The economies of nests of spindle cells may differ from those of round, or polygonal, cells. Fasciculated melanomas which are composed preponderantly of spindle cells seem to have less need for a community stroma. In such lesions, variant vertical growth is a common manifestation. Also in fasciculated, spindle cell melanomas, fascicles may violate the boundary between levels III & IV early in their evolution  (e.g., thin fasciculated lesions commonly show level IV invasion). It would appear that nests of spindle cells are less dependent on a community stroma than are round or polygonal cells.

Melanomas showing only intermediate nuclear grade may be inherently more restricted in their ability to adapt to a new ecological niche than high grade lesions. On the other hand, they may retain more of the qualities which distinguish typical nevus cells (e.g., they occasionally are manifested in organoid or nevoid patterns). The cells of low and intermediate grade lesions may be more like common nevus cells in regard to stromal interactions and restrictions to particular economic niches. The neoplastic options expressed as desmoplasia and neurotropism may be genetic privileges available mostly to low and intermediate grade lesions, particularly lesions that have an association with lentiginous radial growth components, and with spindle cell patterns in vertical growth.

Neurocutaneous melanosis syndrome: a malformation, that by gross characteristics is not sharply defined as a tumor, qualifies as a dysplasia. Dysplasias can be either simply malformations, or evolving lesions that also qualify as premalignant. Premalignant lesions may be progressive with greater atypia at each neoplastic step, or may be retrogressive in which malignant potential is expressed in large part by the immaturity of the affected tissue, as evaluated by comparisons with the same tissue at various stages of prenatal development. The greater the degree of immaturity, the greater the potential for the dysplasia to behave in a malignant fashion. Neurocutaneous melanosis syndrome is a dysplasia expressed in degrees of immaturity, and in patterns that are representative of the developmental potential of neurocristic derivatives, including melanocytic, schwannian, and gangliocytic potentials. Some examples are both cutaneous and meningeal. Some are extensive, primitive dysplasias that extend in continuity from the surface of the central nervous system, through the mesenchyme, into the skin. In immature variants, the patterns are disorganized; melanocytic, schwannian, and immature gangliocytic components are represented. Melanomas may arise in any of the affected sites.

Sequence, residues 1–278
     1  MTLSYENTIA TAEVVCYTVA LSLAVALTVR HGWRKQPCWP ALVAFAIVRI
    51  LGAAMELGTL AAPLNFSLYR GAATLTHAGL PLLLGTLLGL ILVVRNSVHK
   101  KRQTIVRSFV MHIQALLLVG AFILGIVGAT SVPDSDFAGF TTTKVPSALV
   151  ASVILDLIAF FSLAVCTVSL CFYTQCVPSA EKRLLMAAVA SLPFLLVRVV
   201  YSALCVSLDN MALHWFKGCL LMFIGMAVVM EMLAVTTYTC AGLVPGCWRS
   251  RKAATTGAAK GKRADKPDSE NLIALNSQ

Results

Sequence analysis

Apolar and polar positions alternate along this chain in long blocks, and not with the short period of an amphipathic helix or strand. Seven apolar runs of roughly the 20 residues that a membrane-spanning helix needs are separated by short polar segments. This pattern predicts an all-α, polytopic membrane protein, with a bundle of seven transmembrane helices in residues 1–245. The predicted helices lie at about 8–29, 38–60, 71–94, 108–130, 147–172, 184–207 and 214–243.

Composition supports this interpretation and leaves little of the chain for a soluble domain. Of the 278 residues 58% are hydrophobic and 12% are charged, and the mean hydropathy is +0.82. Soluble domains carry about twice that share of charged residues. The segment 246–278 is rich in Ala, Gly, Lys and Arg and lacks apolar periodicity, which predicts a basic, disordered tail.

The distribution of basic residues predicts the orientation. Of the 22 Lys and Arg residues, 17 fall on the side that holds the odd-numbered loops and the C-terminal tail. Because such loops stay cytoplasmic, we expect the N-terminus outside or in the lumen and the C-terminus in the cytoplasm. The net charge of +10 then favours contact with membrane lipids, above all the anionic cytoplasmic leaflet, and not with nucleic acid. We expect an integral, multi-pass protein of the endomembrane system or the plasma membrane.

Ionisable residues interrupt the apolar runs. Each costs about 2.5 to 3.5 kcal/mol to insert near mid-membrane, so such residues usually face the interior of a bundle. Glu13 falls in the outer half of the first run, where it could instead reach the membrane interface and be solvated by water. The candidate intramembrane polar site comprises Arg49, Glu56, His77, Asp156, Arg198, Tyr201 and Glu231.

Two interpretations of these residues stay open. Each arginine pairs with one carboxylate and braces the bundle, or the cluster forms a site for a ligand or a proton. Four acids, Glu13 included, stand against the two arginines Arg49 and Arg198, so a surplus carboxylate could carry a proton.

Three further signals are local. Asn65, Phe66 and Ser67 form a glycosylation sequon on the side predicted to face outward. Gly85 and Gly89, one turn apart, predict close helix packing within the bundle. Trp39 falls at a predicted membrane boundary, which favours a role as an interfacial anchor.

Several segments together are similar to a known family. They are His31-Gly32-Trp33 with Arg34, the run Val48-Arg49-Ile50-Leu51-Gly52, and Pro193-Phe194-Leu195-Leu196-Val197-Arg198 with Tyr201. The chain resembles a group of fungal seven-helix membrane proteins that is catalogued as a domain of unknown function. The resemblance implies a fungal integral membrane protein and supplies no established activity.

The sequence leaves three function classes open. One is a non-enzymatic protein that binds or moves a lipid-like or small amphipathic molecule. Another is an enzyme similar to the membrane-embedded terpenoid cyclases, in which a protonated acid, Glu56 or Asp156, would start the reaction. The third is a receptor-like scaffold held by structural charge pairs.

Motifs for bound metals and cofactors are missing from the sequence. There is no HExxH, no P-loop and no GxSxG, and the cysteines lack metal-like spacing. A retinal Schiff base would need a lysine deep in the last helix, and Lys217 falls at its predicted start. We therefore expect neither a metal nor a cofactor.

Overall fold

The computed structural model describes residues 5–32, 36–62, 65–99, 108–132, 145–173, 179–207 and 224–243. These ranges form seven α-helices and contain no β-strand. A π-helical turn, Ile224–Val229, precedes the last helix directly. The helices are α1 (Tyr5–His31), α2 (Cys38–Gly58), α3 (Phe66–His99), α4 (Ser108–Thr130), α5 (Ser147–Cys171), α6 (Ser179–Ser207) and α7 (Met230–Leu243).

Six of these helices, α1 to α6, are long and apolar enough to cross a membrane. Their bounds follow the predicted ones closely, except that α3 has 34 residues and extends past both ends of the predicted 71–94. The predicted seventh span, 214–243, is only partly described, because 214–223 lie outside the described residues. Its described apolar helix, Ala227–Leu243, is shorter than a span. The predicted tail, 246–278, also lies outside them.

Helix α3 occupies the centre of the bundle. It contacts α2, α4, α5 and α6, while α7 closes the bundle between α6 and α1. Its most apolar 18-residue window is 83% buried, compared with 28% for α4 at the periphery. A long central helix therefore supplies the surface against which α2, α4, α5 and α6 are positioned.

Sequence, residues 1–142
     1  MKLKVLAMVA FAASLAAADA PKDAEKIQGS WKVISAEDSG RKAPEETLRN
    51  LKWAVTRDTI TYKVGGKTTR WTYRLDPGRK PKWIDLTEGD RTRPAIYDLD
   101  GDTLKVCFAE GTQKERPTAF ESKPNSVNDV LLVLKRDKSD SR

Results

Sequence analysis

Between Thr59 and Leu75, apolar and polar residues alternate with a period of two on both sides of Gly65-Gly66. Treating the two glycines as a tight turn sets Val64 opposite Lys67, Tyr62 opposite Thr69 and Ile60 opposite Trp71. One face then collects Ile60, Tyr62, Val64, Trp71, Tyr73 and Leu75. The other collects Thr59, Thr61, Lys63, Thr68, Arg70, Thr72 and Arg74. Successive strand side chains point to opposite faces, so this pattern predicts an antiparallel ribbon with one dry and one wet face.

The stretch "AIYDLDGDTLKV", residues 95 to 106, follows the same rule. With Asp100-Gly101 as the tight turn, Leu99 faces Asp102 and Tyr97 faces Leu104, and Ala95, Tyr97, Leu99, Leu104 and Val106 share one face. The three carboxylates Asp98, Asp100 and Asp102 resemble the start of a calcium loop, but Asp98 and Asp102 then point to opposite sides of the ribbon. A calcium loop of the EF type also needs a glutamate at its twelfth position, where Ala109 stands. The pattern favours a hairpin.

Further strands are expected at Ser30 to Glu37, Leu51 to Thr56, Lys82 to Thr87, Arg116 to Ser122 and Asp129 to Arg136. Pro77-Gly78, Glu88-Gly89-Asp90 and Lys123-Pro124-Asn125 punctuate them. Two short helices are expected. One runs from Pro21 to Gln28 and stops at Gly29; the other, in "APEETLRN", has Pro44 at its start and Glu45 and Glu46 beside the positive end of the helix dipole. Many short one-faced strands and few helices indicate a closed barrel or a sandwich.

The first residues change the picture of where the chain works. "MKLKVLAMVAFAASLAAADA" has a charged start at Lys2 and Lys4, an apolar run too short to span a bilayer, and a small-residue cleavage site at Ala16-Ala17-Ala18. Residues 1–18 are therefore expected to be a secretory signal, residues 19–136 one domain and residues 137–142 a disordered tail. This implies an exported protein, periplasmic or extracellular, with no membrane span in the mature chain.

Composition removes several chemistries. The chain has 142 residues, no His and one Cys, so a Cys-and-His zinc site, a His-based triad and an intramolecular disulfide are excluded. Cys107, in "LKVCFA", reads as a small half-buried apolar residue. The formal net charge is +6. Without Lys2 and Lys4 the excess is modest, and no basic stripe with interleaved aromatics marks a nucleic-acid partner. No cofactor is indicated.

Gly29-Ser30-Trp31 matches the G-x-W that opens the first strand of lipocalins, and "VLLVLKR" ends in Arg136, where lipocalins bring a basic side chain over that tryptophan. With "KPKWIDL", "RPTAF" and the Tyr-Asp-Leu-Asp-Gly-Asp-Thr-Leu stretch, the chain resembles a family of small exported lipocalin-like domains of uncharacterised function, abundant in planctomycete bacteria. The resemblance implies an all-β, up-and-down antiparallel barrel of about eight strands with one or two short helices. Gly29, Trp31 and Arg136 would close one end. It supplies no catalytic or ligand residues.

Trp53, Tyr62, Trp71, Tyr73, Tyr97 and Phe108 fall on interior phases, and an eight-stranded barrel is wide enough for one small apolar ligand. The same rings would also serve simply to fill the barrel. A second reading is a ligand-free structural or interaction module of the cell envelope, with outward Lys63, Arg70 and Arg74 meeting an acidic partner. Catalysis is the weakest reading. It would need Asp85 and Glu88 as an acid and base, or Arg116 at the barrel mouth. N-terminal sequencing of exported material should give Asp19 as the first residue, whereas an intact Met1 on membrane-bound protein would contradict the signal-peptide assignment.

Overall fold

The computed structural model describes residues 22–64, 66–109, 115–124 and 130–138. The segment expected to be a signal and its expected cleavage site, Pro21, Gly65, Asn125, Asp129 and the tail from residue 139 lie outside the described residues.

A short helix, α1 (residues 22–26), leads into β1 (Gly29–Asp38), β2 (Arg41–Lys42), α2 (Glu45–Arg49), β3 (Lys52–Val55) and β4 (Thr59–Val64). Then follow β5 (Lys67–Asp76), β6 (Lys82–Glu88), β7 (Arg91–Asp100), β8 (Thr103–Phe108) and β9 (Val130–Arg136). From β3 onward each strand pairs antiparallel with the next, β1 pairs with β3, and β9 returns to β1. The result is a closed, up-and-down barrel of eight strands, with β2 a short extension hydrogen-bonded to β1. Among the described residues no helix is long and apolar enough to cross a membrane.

Neurocristic hamartoma: a congenital dysplasia derived from the aberrent development of neurocristic cells is a neurocristic hamartoma. In current usage, the designation often denotes a neurocristic dysplasia showing divergent dif- ferentiation, including melanocytic and schwannian components.

Falsification of real images: A potential for falsification of the nature of real images is inherent in the evocation, and imposition of virtual images. In the interpretation of problematic melanocytic lesions, virtual images of the common nevocytic nevus are easily evoked. They guide us in our search for comparable real images. In practice, a comparison of the real images of a problematical melanocytic lesion with the evoked virtual images of common (or even variant) nevocytic nevi will lead an observer to either confirm, or refute, the identity of the physical real images, and the evoked virtual images. In this process, if the evaluations are marred by a refractoriness to the nature of the real images, and If the virtual images of a benign nevocytic nevus then are rigidly and volitionally imposed, a biologically significant melanocytic lesion (melanoma) might be assigned to the category of the common nevocytic nevus. The interpretative process, in having failed to detect any discordance between real images of a deceptive melanoma and the false virtual images of a common nevus, would then equate the two.

Patterns of aggregation: Lentiginous and junctional patterns (pattern I) are basic to the definition of the common premalignant melanocytic dysplasias (also referred to as atypical nevi and dysplastic nevi). If lentiginous and junctional patterns are combined with scattered nests of atypical cells in the dermis, and if the dermal nests are few in number, and widely and randomly spaced, the combination qualifies as pattern II. Pattern IlI A gives recognition to variant vertical growth confined to level III with or without a remnant of a precursor (dysplasia). Pattern III B is distinguished from IlI A by typical rather than variant.......